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|dc.identifier.citation||Marine and Freshwater Research, 1997; 48(4):303-309||-|
|dc.description.abstract||<jats:p> Concentrations of methaemoglobin (the oxidized non-functional ferric form of haemoglobin) in the blood of marine fish are poorly documented. Although high concentrations have been reported for fish maintained in captivity, baseline values for wild populations are unknown. Two techniques, the cyanide derivative method and the multiple wavelength method, were used to determine methaemoglobin concentrations in blood samples from 25 species of marine teleosts and elasmobranchs captured on the Australian Great Barrier Reef. Although methaemoglobin generally accounted for less than 2% of total haemoglobin, systematic errors occurred when these two standard methods, developed for mammalian blood, were applied to the blood of some fish species. Most problems arose from reactions of various blood components with the reagents used in the cyanide derivative method. Consequently, the multiple wavelength method generally was more reliable for estimating methaemoglobin in the blood of marine fish. The low methaemoglobin concentrations in fish studied on the Great Barrier Reef indicate high water quality and healthy physiological condition.</jats:p>||-|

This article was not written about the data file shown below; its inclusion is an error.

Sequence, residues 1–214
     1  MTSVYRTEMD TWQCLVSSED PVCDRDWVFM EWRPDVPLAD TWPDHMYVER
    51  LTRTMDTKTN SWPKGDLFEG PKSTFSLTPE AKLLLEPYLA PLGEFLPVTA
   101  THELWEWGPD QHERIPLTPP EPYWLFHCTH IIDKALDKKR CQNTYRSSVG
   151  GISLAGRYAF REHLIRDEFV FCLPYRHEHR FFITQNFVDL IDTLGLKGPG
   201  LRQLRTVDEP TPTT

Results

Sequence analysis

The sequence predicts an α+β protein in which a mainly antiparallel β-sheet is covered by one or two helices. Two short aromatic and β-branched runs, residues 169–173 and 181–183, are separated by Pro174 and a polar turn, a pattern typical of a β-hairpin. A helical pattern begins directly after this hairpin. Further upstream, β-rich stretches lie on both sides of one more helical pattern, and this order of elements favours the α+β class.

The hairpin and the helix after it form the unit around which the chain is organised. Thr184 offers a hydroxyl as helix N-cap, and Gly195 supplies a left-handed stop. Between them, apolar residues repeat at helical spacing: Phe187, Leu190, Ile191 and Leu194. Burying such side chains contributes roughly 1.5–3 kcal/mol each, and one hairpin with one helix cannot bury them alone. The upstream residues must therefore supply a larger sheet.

|dc.description.statementofresponsibility||Wells, Rufus M. G; Baldwin, John; Seymour, Roger S||-|
|dc.publisher||C S I R O PUBLICATIONS||-|
|dc.title||Low concentrations of methaemoglobin in marine fishes of the Great Barrier Reef, Australia||-|
|dc.identifier.orcid||Seymour, R. [0000-0002-3395-0059]||-|
|Appears in Collections:||Aurora harvest 5|
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